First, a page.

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Chapter: Civil - Water Resources and Irrigation Engineering - Irrigation Methods

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Techniques of Water Distribution in the Farms

There are various ways in which the irrigation water can be applied to the fields. Their main classification is as follows: 1. Free flooding 2. Border flooding 3. Check flooding 4. Basin flooding 5. Furrow irrigation method 6. Sprinkler irrigation method 7. Drip irrigation method

Techniques of Water Distribution in the Farms:

 

 

There are various ways in which the irrigation water can be applied to the fields. Their main classification is as follows:

 

1.     Free flooding

2.     Border flooding

3.     Check flooding

4.     Basin flooding

5.     Furrow irrigation method

6.     Sprinkler irrigation method

7.Drip irrigation method 



Figure: Free flooding (plan view)

 

These methods are briefly discussed below:

 

Free flooding or Ordinary Flooding:

 

 

In this method, ditches are excavated in the field, and they may be either on the contour or up and down the slope. Water from these ditches, flows across the field. After the water leaves the ditches, no attempt is made to control the flow by means of levees, etc. Since the movement of water is not restricted, it is sometimes called wild flooding. Although the initial cost of land preparation is low, labour requirements are usually high and water application efficiency is also low. Wild flooding, is most suitable for close growing crops, pastures, etc., particularly where the land is steep. Contour ditches called laterals or subsidiary ditches, are generally spaced at about 20 to 50 metres apart, depending upon the slope, texture of soil, crops to be grown, etc. This method may be used on rolling and (topography irregular) where borders, checks, basins and furrows are not feasible.

 

Border flooding:

 

 

In this method, the land is divided into a number of strips, separated by low levees called borders. The land areas confined in each strip is of the order of 10 to 20 metres in width, and 100 to 400 metres in length, as shown in figure Ridges between borders should be sufficiently high to prevent overtopping during irrigation.

 

 

To prevent water from concentrating on either side of the border, the land should be leveled perpendicular to the flow. Water is made to flow from the supply ditch into each strip. The water flows slowly towards the lower end, and infiltrates into the soil as it advances. When the advancing water reaches the lower end of the strip, the supply of water to the strip is turned off.





 (b) Photographic vies

 

Figure: Border flooding

 

 

The supply ditch, also called irrigation stream, may either be in the form of an earthen channel or a lined channel or an underground concrete pipe having risers at intervals. The size of the supply ditch depends upon the infiltration rate of the soil, and the width of the border strip. Coarse textured soils with high infiltration rate will require high discharge rate and therefore larger supply ditch, in order to spread water over the entire strip rapidly, and to avoid excessive losses due to deep percolation at the upper reaches. On the other hand, fine textured soils with low infiltration rates, require smaller ditches to avoid excessive losses due to run off at the lower reaches.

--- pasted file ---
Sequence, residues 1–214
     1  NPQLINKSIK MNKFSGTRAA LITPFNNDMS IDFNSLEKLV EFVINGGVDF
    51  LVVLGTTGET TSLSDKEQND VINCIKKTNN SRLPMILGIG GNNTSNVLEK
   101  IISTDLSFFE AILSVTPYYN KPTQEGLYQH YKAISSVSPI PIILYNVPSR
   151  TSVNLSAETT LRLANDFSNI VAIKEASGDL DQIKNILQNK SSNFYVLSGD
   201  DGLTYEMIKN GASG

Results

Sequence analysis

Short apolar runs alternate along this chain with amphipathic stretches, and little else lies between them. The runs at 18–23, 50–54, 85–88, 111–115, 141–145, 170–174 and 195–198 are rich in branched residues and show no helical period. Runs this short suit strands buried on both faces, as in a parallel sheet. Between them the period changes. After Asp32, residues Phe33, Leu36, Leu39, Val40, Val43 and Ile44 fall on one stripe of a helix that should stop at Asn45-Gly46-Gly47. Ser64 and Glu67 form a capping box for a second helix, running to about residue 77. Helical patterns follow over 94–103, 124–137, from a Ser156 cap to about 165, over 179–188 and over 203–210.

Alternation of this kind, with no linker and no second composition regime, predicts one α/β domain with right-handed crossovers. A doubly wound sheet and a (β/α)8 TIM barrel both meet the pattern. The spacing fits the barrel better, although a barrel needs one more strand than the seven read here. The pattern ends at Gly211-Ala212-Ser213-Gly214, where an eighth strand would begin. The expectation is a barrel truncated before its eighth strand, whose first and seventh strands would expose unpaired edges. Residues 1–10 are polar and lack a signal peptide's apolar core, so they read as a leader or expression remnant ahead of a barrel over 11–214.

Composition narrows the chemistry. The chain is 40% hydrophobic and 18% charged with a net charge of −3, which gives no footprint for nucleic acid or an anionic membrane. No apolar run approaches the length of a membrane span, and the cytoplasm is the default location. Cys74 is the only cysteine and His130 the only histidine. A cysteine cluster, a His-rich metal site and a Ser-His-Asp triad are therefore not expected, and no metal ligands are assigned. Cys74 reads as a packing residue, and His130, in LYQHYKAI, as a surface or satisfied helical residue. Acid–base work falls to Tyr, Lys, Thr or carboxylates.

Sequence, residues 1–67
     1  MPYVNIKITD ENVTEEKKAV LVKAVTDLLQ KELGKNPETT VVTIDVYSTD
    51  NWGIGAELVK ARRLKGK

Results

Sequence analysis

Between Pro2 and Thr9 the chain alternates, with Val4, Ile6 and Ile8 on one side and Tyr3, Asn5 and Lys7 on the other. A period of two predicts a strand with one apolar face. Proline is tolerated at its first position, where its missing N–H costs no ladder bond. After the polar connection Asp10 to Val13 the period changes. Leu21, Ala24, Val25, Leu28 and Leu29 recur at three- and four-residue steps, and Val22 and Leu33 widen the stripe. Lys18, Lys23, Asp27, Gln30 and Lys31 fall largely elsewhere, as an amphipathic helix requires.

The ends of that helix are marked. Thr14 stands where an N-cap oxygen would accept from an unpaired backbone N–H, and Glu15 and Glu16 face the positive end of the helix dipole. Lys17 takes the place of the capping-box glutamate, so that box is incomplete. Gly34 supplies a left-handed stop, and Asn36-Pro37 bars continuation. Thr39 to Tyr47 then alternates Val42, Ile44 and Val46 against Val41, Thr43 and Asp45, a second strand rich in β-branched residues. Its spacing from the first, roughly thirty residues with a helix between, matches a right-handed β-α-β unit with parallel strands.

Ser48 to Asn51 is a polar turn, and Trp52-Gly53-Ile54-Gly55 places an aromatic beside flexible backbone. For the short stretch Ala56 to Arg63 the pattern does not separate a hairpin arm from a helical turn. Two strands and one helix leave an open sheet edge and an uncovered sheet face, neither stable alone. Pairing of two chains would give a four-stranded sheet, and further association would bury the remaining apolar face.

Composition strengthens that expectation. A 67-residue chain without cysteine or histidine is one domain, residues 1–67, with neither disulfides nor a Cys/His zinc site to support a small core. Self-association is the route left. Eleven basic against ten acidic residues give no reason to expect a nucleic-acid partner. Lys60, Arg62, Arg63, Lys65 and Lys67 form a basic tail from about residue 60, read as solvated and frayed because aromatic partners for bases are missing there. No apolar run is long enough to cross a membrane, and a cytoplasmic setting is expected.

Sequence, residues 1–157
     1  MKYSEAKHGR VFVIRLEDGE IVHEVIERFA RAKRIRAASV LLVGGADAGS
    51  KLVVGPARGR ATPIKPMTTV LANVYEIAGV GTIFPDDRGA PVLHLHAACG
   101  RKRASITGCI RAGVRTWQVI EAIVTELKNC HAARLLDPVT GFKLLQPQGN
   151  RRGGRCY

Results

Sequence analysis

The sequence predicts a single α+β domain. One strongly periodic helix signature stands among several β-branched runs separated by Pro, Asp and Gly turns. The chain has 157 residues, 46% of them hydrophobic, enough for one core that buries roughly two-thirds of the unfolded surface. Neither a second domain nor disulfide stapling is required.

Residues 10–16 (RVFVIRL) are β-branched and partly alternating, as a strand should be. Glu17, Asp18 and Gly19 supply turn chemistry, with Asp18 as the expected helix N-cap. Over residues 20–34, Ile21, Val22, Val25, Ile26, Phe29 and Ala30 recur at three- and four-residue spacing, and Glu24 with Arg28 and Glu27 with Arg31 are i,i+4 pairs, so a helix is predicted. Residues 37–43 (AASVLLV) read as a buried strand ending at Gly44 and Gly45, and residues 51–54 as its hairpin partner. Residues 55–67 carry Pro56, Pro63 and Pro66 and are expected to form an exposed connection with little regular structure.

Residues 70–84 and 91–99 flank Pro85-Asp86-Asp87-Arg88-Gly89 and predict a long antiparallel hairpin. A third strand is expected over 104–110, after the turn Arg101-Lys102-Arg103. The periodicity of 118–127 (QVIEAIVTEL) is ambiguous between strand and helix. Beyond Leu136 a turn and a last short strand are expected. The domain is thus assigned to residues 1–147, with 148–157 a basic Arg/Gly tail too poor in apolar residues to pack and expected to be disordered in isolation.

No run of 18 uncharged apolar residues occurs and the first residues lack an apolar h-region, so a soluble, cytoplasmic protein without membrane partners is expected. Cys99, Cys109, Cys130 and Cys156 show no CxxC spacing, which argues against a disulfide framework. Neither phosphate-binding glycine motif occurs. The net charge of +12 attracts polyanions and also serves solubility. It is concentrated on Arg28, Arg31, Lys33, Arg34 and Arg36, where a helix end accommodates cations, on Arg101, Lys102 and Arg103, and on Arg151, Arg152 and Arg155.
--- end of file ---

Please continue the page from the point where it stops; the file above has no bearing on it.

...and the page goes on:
A relationship between the discharge through the supply ditch (Q) the average depth of water flowing over the strip (y), the rate of infiltration of the soil (f), the area of the land irrigated (A), and the approximate time required to cover the given area with water (t), is given by the equation:

t=2.3 y/f log10(Q/(QfA))

 

Where Q = Discharge through the supply ditch

 

y = Depth of water flowing over the border strip f = Rate of infiltration of soil

 

A = Area of land strip to be irrigated

 

 

t = Time required to cover the given area A



 

The above equation can be obtained by considering small area (dA) of the border strip of area A, as shown in figure. Let us also assume that in time dt, water advances over this area dA. Now, the volume of water that flows to cover this area would be y dA, because y is the water depth over this area. Also, during the same time dt, the volume of water that percolates into the soil over the area A would be f. A. dt. The total quantity of water supplied to the strip during time dt would be Q dt and also equal to y. dA + f.A.dt.

 

                   Q.dt = y.dA + f.A.dt

 

Example: Determine the time required to irrigate a strip of land of 0.04 hectares in area from a tube 'well with a discharge of 0.02 cumec. The infiltration capacity of the soil may be taken as 5 cm/hr, and the average depth of flow on the field as 10 cm. Also determine the maximum area that can be irrigated from this tube well.

 

Solution:

 

A = 0.04 hectares

= 0.04 x104 m2 = 400 m2.

Q = 0.02 cumecs = 0.02 m3 / sec = 0.02 x60 x60 m3 / hr = 72 m3 / hr.

f = 5 cm / hr = 5/100 m/hr = 0.05m/hr,; y=10cm = 0.1m

Using equation we have

t=2.3 y/f log10(Q/(QfA))

 

Maximum area that can be irrigated is given by equation

Amax = Q/f =  0.144hectares

Note: After irrigating this much of area, surface flow will stop, and deep percolation will start.